Course Purpose, Goals, and Objectives
Modern climate change poses an unprecedented environmental threat affecting species and communities across all of Earth’s biomes. The biological impacts of global climate change transcend political and jurisdictional boundaries and add significant uncertainty to the conservation and management of wildlife populations and natural resources. With a focus on wildlife ecology and management, the goal of this course is to provide an understanding of the direct and indirect impacts of climate change on organisms, species and communities. The course has three interconnected learning objectives for developing a comprehensive understanding of climate change ecology:
First learning objective: gain a basic understanding of the observed and predicted trends in climate within an ecological context.
Second learning objective: identify the ecological and evolutionary impacts of climate change on natural communities and wildlife populations (including changes in phenology and ranges, community dynamics, and altered trophic interactions).
Third learning objective: develop hands-on experience in developing a climate change vulnerability assessment for a given species or community.
Course Structure and Dynamics
This is an advanced course targeted to upper-level undergraduate and graduate students with a background in ecology or biology. There will be significant expectations for independent work and active in-class discussion and participation. Class grading will consist of exams, exercises, and group projects. The general structure of the class is a “power” lecture on Tuesday followed by class discussion of selected readings on Thursday.
Vulnerability Assessment and Presentation 40%
Exam I 15%
Exam II 15%
Group Project Progress Reports (2) 5%
Class Participation and Weekly Quizzes 10%
Vulnerability Assessment and Presentation 70%
Group Project Progress Reports (2) 5%
Class Participation and Weekly Quizzes 10%
*Undergraduates must take Option 1; Graduate students can choose between Option 1 and 2. Option 2 is offered for graduate students interested in developing a comprehensive climate change vulnerability assessment for a target species or community of interest. Specifically, to take option 2, graduate students should have empirical data at their disposal or be willing to acquire data from previous studies or online data repositories.
There will be two exams that will consist of 10 multiple choice, 3 short answer questions, and 1 essay question. The two exams will focus primarily on the class units: Trends and Changes and Ecological Impacts (see lecture schedule). Graduate students taking Option 2 are exempt from in-class exams.
Attendance at all classes is mandatory. In accordance with UW-Madison policy, I will make every effort to avoid scheduling mandatory course requirements on dates when a religious observation may cause substantial numbers of students to be absent. In addition, I will extend reasonable consideration to accommodate university-endorsed extracurricular activities (not including practice activities for performances or athletic events) when they conflict with class attendance requirements. You must provide adequate and reasonable advance notice (>24 hrs. notice) so that I can ensure that an accommodation is made.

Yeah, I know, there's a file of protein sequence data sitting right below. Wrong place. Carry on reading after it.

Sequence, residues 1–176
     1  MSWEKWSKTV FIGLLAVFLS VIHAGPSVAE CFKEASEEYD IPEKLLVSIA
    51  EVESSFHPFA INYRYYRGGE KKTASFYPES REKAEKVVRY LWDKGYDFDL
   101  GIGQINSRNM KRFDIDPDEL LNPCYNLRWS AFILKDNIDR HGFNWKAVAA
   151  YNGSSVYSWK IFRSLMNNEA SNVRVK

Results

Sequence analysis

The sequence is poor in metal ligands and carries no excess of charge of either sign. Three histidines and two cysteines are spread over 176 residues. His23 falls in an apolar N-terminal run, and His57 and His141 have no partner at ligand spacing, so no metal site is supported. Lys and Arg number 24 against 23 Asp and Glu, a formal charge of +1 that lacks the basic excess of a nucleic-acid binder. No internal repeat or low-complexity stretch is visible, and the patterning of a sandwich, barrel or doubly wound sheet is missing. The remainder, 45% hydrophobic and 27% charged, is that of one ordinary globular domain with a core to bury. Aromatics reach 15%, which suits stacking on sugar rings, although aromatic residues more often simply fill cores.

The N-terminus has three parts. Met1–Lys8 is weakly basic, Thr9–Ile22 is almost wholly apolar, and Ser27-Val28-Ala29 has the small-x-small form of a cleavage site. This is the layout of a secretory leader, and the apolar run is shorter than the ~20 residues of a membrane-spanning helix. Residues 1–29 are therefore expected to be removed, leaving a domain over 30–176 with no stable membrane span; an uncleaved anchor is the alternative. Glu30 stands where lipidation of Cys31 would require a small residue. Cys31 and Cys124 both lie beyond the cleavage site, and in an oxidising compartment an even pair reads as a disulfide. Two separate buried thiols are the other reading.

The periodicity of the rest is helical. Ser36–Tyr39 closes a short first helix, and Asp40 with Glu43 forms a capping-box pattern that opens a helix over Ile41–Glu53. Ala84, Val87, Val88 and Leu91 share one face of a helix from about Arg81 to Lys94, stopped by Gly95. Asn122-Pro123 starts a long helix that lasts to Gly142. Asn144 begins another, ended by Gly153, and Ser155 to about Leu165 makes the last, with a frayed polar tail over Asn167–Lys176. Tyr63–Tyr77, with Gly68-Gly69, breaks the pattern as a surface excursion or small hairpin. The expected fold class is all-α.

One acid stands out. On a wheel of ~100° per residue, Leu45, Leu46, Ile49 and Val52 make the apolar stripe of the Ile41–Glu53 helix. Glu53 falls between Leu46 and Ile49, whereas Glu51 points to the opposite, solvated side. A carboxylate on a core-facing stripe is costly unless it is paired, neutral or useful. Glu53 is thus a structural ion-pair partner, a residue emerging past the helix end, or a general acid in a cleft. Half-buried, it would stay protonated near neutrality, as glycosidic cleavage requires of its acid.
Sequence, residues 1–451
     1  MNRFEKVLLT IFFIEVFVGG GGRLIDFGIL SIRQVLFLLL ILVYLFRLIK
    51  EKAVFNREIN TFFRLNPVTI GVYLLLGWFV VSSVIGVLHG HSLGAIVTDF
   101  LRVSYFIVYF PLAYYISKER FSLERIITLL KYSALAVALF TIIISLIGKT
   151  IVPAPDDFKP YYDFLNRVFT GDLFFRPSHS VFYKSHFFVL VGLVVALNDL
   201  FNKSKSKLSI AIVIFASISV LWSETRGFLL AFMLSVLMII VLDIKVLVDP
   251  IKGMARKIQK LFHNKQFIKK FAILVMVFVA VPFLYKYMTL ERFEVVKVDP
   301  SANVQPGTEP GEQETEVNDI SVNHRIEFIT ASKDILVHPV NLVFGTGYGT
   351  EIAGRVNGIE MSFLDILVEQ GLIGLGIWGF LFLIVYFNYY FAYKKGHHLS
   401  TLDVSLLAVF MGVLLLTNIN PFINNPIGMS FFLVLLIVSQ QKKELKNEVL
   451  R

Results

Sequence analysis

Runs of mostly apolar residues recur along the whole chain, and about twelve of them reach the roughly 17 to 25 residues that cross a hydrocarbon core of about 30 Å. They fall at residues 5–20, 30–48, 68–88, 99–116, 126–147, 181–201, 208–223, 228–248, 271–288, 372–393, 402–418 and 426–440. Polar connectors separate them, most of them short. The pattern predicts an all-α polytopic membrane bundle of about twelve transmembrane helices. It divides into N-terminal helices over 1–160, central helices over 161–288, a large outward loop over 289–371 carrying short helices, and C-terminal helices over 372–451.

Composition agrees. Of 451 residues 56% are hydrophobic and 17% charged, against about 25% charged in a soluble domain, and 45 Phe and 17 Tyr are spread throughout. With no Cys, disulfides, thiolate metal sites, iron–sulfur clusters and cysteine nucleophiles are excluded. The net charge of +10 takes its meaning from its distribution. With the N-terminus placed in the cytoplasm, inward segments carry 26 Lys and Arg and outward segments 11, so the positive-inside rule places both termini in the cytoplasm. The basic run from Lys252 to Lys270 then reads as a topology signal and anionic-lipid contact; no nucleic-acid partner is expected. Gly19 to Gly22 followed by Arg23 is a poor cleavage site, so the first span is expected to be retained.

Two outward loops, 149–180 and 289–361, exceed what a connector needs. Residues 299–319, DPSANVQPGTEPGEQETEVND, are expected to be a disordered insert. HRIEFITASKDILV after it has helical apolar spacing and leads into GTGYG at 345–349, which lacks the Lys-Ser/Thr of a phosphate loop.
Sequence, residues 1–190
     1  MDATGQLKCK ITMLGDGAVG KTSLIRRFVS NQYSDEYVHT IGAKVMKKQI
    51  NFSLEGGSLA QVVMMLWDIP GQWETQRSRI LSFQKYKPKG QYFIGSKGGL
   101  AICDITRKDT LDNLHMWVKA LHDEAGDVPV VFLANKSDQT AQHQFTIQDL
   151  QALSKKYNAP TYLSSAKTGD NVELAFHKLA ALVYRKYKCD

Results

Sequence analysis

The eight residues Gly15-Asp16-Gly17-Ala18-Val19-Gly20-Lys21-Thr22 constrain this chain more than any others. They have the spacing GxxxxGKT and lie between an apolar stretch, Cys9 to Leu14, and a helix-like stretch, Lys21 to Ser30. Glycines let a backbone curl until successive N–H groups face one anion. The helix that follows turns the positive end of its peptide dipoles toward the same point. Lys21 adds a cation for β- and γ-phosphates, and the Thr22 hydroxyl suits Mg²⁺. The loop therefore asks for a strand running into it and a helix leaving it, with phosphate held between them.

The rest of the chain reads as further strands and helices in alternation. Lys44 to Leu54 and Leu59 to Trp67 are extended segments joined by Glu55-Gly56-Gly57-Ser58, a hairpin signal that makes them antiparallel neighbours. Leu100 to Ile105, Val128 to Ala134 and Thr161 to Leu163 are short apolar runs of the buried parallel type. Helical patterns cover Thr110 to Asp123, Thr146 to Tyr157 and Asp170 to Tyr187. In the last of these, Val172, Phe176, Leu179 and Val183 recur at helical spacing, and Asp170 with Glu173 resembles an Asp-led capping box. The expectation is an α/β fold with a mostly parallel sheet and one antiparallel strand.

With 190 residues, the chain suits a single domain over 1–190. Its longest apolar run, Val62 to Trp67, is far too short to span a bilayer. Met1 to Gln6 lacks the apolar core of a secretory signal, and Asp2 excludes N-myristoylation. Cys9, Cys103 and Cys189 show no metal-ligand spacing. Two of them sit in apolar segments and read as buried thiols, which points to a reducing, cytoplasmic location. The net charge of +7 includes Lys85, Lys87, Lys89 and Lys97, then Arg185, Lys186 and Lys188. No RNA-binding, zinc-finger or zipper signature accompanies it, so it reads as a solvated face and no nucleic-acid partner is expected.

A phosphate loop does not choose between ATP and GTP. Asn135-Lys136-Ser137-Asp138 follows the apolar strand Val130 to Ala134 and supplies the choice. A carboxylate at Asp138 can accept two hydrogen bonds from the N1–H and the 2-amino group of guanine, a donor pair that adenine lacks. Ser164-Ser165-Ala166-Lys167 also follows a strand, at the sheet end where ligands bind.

You are required to be present at the beginning of the semester and to remain until the work of the semester is completed (which includes group projects and presentations). Exemptions from this must be given advanced notice from me at the beginning of the course. Note that any excused or unexcused absences may have a negative impact on your final grade. It is your responsibility to be mindful of class attendance policies for each of your classes.
Group Projects and Final Reports
The central project of the course consists of a semester-long group exercise (groups of 2-3 students) with the goal of developing a Climate Change Vulnerability Assessment for a specific species or community. The core components of the plan will consist of a literature review, conceptual model, vulnerability assessment, and adaptation recommendations. The groups will give final presentations at the end of the class and complete a final report. Peer evaluations will be done periodically throughout the course of the semester. Full participation in the group project is mandatory and will be evaluated throughout the semester. Any prolonged inability to work with your group will have a negative impact on your final grade.
Learn@UW and Weekly Quizzes
Learn@UW will be used to post readings assignments, PowerPoint slides, and changes to the syllabus. There will be brief weekly online quizzes (4-5 questions) that are mandatory. These quizzes will be designed to gauge your level of understanding (and my ability to communicate) the week’s topics. You get full credit if you complete the quiz. Quizzes are posted every Friday by noon, and must be submitted by the following Monday at 12:00 p.m. There is a public course website at http://labs.russell.wisc.edu/zuckerberg/teaching/ but this is mainly for advertising purposes. Please do not visit this site for information on the class.